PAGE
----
Mothers and the Model T
In my last post, I started a series on the different ways men and women travel. The disparities are many, and go back a long way; after all, Eve and not Adam took the first family grocery-shopping trip, and Noah, not his anonymous wife, built and drove the first recorded vehicle.
In the days of the walking city, women (at least middle- and upper-class women) largely stayed close to home; walking long distances down filthy, chaotic, and dangerous streets was simply seen as unladylike.
The 19th century saw changes in the economy, in society and in culture which reinforced this. Thanks to industrialization, work, which throughout human history had largely been performed inside the home, moved out to physically separate worksites. At the same time, suburbanization, accelerated by transportation technologies like the horsecar and streetcar, located residences further and further from those workplaces.
As work and home spaces bifurcated, the world outside the home — the rough-and-tumble seat of public affairs, commerce, and recreation, as well as work — was seen more and more as male terrain. Home and hearth — clean, safe, and pure — were perceived as the woman’s world.
As the historian Clay McShane argues, these views were intensified by a deep sense of male insecurity brought about by the mass-production system, the deskilling of manufacturing, and the shift of men into less “manly” white-collar work. Men also felt threatened by increasing education and employment for women. These factors redoubled male efforts to wall off the space outside the home as their own. Men traveled to that domain. Women did not.
The introduction of the automobile promised to provide women with a means of mobility that could change this situation. But despite the adventures of early female auto pioneers like Emily Post, from the start the car was overwhelmingly a male preserve.
Men responded to creeping insecurity by attempting to claim mechanical and athletic prowess as their exclusive realm. Auto operation and maintenance were perceived as requiring both. Women were seen as too nervous, overcautious, slow, emotional, and physically weak to drive, despite early studies showing they had half the accident rate of men. These perceptions were reinforced by the male-dominated media.
Economic factors were important as well. In the early years cars were an expensive luxury. Few households owned two. In one-car homes access to the family auto fell to the male head of the household for his commute trip.
More women began to find their way into autos after the self-starter banished the hand-crank. However, even then the gains were surprisingly small. The barriers to women driving were not primarily physical; in fact, the hand crank actually did not require much strength. But operating it was perceived as unfeminine, in keeping with the other psychological, sociological, economic, and cultural taboos that kept women off the roads.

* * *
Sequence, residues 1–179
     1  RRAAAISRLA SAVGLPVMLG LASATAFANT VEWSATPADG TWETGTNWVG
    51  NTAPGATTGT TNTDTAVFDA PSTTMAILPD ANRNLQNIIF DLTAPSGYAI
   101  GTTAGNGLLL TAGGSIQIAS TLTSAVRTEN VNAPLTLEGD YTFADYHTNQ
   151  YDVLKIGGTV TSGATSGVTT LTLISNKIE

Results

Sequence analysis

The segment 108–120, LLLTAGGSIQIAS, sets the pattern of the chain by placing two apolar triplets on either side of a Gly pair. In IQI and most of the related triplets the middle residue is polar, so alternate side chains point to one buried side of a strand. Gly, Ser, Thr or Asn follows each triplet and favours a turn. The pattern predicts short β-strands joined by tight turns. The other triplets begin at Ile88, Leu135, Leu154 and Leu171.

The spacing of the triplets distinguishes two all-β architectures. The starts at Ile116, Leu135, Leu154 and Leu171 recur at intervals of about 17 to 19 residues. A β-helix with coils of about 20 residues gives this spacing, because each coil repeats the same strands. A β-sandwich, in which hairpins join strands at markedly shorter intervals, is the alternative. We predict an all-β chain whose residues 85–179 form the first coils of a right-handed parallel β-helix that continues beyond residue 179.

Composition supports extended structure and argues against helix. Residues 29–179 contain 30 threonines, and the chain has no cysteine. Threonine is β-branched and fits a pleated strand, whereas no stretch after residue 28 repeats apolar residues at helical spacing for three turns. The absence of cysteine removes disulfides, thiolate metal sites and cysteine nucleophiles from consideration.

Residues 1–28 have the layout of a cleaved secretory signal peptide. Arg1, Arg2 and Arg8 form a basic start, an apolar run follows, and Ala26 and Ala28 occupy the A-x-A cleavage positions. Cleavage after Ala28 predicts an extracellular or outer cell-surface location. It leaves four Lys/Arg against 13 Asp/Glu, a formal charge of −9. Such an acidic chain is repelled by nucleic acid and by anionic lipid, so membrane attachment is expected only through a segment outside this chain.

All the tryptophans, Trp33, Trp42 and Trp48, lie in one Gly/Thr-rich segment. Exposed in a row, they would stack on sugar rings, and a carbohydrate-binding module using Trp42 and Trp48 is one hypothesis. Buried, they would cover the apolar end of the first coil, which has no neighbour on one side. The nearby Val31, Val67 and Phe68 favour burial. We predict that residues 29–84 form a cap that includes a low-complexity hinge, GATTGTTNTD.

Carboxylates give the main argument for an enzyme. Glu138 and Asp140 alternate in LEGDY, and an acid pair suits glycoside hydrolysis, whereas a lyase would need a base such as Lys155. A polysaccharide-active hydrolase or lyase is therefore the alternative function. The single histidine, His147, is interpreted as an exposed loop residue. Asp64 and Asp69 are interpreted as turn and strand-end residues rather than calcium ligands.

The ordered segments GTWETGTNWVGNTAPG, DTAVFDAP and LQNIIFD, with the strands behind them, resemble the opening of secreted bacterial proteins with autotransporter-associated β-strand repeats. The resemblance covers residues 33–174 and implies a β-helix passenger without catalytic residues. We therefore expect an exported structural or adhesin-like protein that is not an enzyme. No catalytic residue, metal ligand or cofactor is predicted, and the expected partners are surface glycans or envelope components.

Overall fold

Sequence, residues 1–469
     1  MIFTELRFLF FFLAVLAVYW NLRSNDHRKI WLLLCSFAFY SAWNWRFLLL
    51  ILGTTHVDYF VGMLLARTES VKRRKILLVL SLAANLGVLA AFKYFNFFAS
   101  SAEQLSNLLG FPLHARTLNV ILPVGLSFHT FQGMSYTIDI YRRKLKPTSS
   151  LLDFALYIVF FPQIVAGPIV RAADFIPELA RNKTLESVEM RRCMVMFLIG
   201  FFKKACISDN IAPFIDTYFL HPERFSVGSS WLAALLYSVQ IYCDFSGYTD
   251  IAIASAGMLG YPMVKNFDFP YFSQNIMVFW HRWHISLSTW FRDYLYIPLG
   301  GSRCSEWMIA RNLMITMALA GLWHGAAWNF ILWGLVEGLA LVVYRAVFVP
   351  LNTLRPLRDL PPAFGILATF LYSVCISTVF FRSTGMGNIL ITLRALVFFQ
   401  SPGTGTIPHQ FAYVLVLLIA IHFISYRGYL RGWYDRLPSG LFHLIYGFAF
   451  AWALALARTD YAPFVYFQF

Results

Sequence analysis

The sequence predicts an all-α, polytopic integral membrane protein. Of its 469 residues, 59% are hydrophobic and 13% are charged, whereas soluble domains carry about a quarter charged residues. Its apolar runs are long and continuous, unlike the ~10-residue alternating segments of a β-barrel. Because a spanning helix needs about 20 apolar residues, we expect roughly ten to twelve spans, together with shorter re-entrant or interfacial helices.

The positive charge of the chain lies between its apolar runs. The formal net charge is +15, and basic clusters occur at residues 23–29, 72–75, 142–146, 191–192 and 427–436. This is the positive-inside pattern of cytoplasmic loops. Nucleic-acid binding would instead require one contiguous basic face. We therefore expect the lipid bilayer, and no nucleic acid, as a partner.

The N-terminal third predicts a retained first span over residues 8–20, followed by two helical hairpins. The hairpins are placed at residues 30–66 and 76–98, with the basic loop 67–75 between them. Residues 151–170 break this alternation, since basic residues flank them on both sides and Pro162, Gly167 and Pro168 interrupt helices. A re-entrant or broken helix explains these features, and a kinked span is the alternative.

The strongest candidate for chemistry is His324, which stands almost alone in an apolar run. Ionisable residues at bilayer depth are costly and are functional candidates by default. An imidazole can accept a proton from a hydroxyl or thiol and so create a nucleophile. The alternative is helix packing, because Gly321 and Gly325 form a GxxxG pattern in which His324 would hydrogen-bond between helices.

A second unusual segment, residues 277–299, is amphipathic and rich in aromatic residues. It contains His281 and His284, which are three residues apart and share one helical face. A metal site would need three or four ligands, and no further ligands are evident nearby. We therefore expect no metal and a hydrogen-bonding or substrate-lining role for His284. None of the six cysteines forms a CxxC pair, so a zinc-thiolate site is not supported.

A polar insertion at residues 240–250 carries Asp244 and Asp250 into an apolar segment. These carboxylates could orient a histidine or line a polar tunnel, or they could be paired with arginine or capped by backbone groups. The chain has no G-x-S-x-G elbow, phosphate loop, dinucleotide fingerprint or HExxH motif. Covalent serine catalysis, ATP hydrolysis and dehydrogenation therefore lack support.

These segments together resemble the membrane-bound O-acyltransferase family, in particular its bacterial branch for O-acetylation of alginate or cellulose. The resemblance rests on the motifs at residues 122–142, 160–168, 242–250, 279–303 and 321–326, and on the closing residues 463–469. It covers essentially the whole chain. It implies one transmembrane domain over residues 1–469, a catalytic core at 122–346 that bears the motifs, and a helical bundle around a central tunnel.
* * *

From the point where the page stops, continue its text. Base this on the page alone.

The bottom line is that in the first decades after the auto was introduced, women behind the wheel were quite a rarity. In 1909 only 9.1 percent of Maryland car owners were women; in New Hampshire in 1911 the figure was 4.8 percent. And probably many of these (presumably wealthy) women had male chauffeurs. In 1917 only 8 percent of Massachusetts drivers and 15 percent of the drivers in Los Angeles were women.
Women of the era were unlikely to even get licensed. A 1969 study found that even at that late date, only 20 percent of women who reached driving age before 1916 held a driver’s license, as opposed to 62 percent of men. Thus prejudices from the very first years of the automobile era powerfully impacted American travel behavior for decades.
When women did drive, they faced a peculiar set of obstacles. Ridicule was frequent, etiquette books laid down exacting rules on how to drive in a feminine manner (low speeds and chaperones were highly recommended), husbands often forbade their wives and daughters from driving, and there were even political movements to ban female driving altogether.
And if women in the driver’s seat caused controversy, women in the back seat did so too. The privacy and freedom of the auto caused hand-wringing due to the license it permitted to courting teens and young adults.
Women would, of course, begin to find their way behind the wheel in greater numbers. As transportation scholar Martin Wachs has chronicled, in the 1920’s auto manufacturers began to fear they were reaching a saturation point where every home owned at least one auto. To sell families second cars, marketing efforts were targeted at women. However, old stereotypes were slow to die; ads meant for female consumption focused on the superficial aspects of cars (color, styling, upholstery). Ads aimed at men focused on mechanical characteristics and performance.
When the second car did arrive it promised women freedom and the chance to escape the home, but much of this promise did not materialize. Cars were pitched as essential tools for motherhood and homemaking. New household maintenance and child-serving trips materialized, limiting the technology’s emancipatory potential.
Still, as we know, over time gender equality in transportation did grow. In concert with other changes in our society — women moving into the workplace, more female-headed households, the dissemination of birth control — women’s travel behavior has to a large degree converged with men’s. But by how much? And are the differences that remain disappearing? Why or why not? And should we care? More on this next time.